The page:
Connecting Statistics with Calculus and Vice Versa

Daniel Kaplan, Macalester College

Introductory statistics courses are sometimes taught with a calculus pre-requisite, but often not. Almost always, the calculus is used as a way of segregating out the "mathematically mature" student from others. The techniques of calculus themselves are hardly ever used in the statistics course.

This is unfortunate. Calculus can provide many insights to the study of statistics, and similarly statistics can provide a powerful motivating setting for teaching concepts of calculus. Of course, the connection between calculus and statistics is not about techniques for integration or the use the word "integral" rather than "area under the curve." Instead, both calculus and statistics can be about modeling and approximation. I'll describe some of the connections we make at Macalester in our integrated calculus/statistics sequence: the importance of partial derivatives in interpreting statistical models, how model fitting is done, how to measure the quality of an approximation, what an interaction term is, etc. A properly taught calculus course can equip students to go further in their statistics course. And using statistics as a motivation for teaching calculus can lead to a calculus syllabus that is much better connected with real-world uses of calculus.

Real exam questions will be used to illustrate the learning gains that can occur in both calculus and statistics from this approach, and enrollment and student survey data will be presented. The poster will also describe some of the obstacles to adapting the integrated approach, the value of having instructors who teach can both calculus and statistics, and the curricular resources -- texts, exercises, activities, software -- that are available to support instructors and departments who want to adopt the approach.

Designing an Undergraduate Statistics Program for the Future

April Kerby, Winona State University
Tisha Hooks, Winona State University
Chris Malone, Winona State University
Brant Deppa, Winona State University

Does our current undergraduate statistics curriculum properly prepare students for their future? Upon graduation undergraduate students either seek employment or pursue an advanced degree in statistics. Ideally, an undergraduate program would provide the skills necessary to be successful in either path. Is this even possible? If so, what does the optimal curriculum include? This poster will present a preliminary review of existing undergraduate programs and their requirements in addition to the current ASA's Curriculum Guidelines for Undergraduate Programs in Statistical Science. Audience members will be asked to actively participate in such discussions. The outcomes from these discussions will be gathered and displayed on this interactive poster. A summary of all discussions will be compiled and distributed via email upon request.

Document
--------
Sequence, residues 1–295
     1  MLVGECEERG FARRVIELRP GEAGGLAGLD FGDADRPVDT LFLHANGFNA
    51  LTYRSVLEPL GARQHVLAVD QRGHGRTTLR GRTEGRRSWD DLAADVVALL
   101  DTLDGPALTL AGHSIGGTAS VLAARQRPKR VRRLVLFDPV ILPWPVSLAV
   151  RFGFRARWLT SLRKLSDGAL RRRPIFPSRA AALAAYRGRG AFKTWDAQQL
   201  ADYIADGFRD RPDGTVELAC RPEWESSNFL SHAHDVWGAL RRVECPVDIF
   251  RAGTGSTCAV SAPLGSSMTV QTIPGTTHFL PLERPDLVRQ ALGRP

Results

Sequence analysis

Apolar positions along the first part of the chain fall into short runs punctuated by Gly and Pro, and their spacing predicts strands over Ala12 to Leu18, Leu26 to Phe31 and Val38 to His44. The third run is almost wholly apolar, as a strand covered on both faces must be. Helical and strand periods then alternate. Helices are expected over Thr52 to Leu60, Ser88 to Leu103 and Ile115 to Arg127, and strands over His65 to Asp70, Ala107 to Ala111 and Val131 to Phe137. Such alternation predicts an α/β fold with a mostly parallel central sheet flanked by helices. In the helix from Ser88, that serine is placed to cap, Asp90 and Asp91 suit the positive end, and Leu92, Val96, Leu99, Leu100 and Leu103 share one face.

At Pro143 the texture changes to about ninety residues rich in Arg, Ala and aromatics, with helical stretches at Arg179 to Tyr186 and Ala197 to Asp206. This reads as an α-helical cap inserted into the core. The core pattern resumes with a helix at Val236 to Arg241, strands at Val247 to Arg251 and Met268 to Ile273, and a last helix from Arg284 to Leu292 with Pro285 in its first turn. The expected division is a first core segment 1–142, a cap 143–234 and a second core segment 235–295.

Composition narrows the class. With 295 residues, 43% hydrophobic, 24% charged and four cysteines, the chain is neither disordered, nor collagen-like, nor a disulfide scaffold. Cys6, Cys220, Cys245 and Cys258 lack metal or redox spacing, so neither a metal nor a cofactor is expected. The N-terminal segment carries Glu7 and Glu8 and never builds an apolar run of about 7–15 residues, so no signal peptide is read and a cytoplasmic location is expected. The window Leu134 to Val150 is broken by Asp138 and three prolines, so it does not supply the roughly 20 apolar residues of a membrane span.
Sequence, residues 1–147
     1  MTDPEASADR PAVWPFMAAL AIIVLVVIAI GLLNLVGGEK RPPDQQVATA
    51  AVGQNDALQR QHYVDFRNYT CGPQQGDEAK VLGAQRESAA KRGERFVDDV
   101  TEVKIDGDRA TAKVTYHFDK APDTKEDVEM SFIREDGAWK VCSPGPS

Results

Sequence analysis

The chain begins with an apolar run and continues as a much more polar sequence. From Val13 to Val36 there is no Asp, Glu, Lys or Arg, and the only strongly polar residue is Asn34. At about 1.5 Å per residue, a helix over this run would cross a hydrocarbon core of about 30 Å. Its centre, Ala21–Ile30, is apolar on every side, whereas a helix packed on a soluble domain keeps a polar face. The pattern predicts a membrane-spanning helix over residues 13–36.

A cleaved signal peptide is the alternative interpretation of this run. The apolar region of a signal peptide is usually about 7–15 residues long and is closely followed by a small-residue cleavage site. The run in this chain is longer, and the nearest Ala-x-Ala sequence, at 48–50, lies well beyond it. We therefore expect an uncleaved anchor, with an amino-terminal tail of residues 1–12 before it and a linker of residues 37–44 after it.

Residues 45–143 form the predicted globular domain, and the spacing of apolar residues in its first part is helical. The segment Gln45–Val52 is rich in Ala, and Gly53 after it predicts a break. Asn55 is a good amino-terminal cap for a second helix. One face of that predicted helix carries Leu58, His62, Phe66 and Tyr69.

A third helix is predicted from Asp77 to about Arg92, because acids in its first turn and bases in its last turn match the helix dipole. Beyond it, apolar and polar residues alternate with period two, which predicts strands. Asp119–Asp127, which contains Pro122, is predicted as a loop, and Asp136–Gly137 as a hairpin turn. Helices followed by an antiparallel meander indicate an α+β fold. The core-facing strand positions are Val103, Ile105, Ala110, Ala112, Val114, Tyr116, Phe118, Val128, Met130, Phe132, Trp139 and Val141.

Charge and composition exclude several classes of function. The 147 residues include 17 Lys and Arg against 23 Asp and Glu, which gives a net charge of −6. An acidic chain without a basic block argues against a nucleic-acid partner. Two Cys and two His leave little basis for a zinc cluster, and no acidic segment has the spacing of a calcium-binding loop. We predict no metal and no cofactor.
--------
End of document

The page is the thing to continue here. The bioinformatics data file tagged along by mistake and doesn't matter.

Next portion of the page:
Teaching Undergraduates Categorical Data Analysis Using R: Absorb the Textbook!

Ji Young Kim, Mount Holyoke College

The interest in learning statistical methods for categorical data is growing in the undergraduate institutions, as the number of students who take statistics classes grow. The course of categorical data analysis is more challenging than other courses for continuous data in the sense that it requires more prior knowledge in regression modeling and probability distributions. Conducting all the analysis using R is also one of the valuable challenges in this course. To get this content down to an undergraduate level, the course was designed to have students completely absorb the textbook (Agresti, 2nd). It was taught by going over the book repeatedly in several different formats. As one of the strategies, we employed seemingly elementary techniques such as highlighting the textbook together, to make the course more approachable to undergraduate students. This poster will summarize the strategies we employed as well as the issues and difficulties we faced in this course.

Statistics Without Tables

Larry Knop, Hamilton College

The computer revolutionized statistics but the past lives on, and reliving the past seriously complicates the present. Consider the problem:

In 2002 the NCAA required Division I athletes to score at least 820 on the combined math and verbal parts of the SAT exam in order to compete in their first year of college. That year the scores of students taking the SATs were approximately Normal with mean 1020 and standard deviation 207. What percentage of all students had scores less than 820?

The problem is easy to understand and easy to set up: draw a bell shaped curve with center at 1020 and inflections at 1020 +/- 207. Mark the point 820 on the Xaxis. The percentage sought is the area under the curve to the left of the 820 mark, times 100.

The standard procedure for finding the answer is not so easy. Students start with X < 820 and transform the inequality into standard normal form. The fact that many intro stats students are inequality-challenged is ignored. Also ignored is the fact that the transformation takes the meaning out of the problem. The inequality, Z < -0.9662, is a dimensionless statement with no obvious relationship to the original question. Then, once the number -0.9662 is obtained (if the number -0.9662 is obtained), students must consult the standard normal probability table to get an (approximate) answer to the question.

The computational tail is wagging the dog. The procedure was once necessary but is now a distraction. The computational part of the problem takes three times as long as the setup of the problem - to no good purpose. Students focus on the procedure, because that's where their time is spent and where the majority of their errors occur. And the computational aspect is where the instructional time is spent because that's where the students have questions. Meaning takes a back seat to process, and that doesn't have to be. In SPSS the answer is generated by a single command, CDF.NORMAL(820, 1020, 207). A simple problem stays simple, instructional time can be devoted to meaning rather than computation, and students can focus on explaining instead of calculating.